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Counting Victories or Years? The Curious Case of the Sinopean Victory List

Chingyuan Wu

Peking University

This paper examines a Sinopean victory list of the boxer Marcus Iutius Marcianus Rufus (French 2004: 76-77 no. 105) and the implications of counting the number of victories he won. Inscribed and set up by the Sinopean boule, the list represents an official recognition of the athlete's successful boxing career, which not only included victories in the four periodoi of mainland Greece, but also the Capitoline and Neapolitan games in Italy. The text has been studied by Theodoré Reinach (1916), George Bean (1953), and David French (2004), and resulting in different ways to count Rufus' victories.

The three epigraphists encountered several issues with counting Rufus' victories. How to differentiate between a Bithynian koinon event from a metropolitan event held by Nicaea and Nicomedia is one issue, and whether to count the half-talent victories with the iselastic victories so to fit an ideal number of total victories that Rufus won is another, with the three epigraphists producing different solutions. Perhaps more perplexing of all, however, is how to interpret the Greek letters ΡΝ placed at the end of the victory list. Reinach interpreted them as the remaining letters of ἀνδριατί or "jeux mineurs" (Reinach 1916: 358). Bean and French saw them as Greek numerals, indicating the total tally of all listed victories. While the total tally seems a convincing interpretation on formulaic grounds, the arithmetic does not add up. On the one hand, tabulation indicates that Bean's count of total victories yields 159, with 110 half-talent victories and 49 iselastic victories. He reconciled the number by claiming to have seen signs of reinscribing in the squeeze, and suggested that Rufus initially won 101 half-talent victories, only to have achieved 110 at a later time, upon which occasion an update was applied to his monument (Bean 1953: 176). On the other hand, while French counted the half-talent victories as 110, and his total number of iselastic victories amount to 48, he still maintained that ΡΝ stands for "(In all) 150 victories," leaving the arithmetic issue open for further examination (French 2004: 77).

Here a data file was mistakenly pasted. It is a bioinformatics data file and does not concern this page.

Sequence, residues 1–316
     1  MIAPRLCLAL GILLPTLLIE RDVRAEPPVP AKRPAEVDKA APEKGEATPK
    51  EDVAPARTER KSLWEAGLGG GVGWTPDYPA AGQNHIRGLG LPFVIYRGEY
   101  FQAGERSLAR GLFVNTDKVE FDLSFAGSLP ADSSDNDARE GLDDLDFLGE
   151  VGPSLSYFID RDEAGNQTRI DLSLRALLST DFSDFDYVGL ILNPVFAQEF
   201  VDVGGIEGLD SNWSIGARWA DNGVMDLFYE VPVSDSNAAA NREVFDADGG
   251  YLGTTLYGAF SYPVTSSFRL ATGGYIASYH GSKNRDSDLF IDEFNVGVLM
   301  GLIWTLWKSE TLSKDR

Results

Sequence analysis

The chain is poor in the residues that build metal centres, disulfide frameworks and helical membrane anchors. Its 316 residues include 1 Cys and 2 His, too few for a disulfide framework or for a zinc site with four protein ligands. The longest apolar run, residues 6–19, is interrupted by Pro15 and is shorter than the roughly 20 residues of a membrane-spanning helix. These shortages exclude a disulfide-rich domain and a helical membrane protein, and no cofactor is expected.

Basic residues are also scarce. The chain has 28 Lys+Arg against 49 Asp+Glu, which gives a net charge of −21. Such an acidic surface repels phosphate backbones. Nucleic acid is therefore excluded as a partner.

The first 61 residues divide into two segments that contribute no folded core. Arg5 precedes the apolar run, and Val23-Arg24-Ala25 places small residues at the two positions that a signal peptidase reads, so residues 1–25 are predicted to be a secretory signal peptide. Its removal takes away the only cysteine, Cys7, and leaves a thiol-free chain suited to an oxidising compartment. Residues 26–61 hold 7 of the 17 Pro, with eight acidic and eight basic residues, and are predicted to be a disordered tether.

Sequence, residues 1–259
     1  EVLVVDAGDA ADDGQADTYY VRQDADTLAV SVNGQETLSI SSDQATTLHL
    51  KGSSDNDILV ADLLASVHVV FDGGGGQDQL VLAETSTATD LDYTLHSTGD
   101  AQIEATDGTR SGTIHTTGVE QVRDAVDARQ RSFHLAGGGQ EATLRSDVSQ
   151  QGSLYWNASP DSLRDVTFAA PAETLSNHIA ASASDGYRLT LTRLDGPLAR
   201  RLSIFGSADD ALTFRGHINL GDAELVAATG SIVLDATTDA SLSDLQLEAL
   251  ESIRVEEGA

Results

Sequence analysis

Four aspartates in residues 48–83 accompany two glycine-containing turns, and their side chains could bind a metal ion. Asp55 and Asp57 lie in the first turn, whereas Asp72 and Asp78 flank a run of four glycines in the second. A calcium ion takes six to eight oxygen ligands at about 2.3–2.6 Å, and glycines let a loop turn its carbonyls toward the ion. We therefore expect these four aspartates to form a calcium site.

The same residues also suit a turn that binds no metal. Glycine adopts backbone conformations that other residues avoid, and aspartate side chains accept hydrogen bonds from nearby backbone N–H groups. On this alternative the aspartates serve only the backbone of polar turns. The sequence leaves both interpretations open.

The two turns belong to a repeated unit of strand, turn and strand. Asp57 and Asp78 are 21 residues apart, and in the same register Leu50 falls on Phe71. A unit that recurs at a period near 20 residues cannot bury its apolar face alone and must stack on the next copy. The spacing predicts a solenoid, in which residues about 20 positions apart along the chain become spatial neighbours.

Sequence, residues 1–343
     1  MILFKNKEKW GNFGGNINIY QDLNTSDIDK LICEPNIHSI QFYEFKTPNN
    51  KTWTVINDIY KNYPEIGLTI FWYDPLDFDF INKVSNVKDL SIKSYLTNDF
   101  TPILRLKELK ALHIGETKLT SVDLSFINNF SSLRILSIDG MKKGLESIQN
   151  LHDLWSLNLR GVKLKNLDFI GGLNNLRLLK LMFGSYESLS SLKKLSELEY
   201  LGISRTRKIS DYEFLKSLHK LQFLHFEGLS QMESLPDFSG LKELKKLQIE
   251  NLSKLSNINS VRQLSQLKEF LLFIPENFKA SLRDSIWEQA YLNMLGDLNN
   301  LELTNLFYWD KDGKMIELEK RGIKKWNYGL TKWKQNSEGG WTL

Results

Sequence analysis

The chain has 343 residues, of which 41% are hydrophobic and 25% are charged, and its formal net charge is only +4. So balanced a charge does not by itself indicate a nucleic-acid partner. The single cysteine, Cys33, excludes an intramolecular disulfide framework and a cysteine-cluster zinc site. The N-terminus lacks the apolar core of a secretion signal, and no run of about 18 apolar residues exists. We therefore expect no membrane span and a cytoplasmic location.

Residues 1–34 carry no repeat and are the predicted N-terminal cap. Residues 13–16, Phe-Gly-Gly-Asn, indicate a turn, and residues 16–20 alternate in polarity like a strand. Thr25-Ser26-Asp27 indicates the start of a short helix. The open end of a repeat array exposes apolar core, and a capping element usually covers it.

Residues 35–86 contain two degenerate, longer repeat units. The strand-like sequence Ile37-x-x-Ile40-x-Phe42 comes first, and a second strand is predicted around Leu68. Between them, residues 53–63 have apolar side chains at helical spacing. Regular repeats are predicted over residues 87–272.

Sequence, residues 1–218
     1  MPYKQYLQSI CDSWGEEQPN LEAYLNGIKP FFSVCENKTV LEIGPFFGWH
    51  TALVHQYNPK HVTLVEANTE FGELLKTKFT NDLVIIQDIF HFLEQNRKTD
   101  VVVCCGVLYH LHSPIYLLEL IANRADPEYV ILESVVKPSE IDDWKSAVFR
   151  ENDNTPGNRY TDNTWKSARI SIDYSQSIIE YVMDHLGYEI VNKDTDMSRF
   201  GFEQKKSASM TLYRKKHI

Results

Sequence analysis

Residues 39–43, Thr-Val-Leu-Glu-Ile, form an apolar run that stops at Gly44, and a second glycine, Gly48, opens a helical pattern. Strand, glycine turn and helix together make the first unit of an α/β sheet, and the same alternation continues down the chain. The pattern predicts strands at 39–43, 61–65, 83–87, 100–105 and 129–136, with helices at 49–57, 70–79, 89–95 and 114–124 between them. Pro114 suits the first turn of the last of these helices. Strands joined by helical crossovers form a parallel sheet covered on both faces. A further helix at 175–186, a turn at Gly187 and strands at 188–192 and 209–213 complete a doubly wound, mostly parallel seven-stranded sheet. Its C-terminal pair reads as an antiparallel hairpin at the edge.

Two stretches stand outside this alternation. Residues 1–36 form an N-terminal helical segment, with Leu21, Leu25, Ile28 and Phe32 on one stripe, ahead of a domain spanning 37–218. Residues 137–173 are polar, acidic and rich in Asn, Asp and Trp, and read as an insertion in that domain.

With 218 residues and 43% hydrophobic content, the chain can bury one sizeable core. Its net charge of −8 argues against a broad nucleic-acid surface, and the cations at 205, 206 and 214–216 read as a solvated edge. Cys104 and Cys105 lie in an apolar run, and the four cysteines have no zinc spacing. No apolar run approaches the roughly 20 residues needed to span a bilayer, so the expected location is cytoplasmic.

This paper surveys other victory lists to study how koinon and metropolitan victories were differentiated and counted, and how chronographic features were positioned and identified. This paper also proposes to disassociate the number 150 from the total count of victories, and reconsider what was signified by this number. One possibility is the era: the 150th year of the era of Sinope. It has been demonstrated that Sinopean coinage during the imperial period used first the colonial era from 45 BCE, then the so-called Lucullan era of 70 BCE (Leschhorn 1993: 161-162). While era-based chronography is not found on extant imperial period inscriptions from Sinope, Rufus' victory list may be the first surviving example.

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Epigraphy and History

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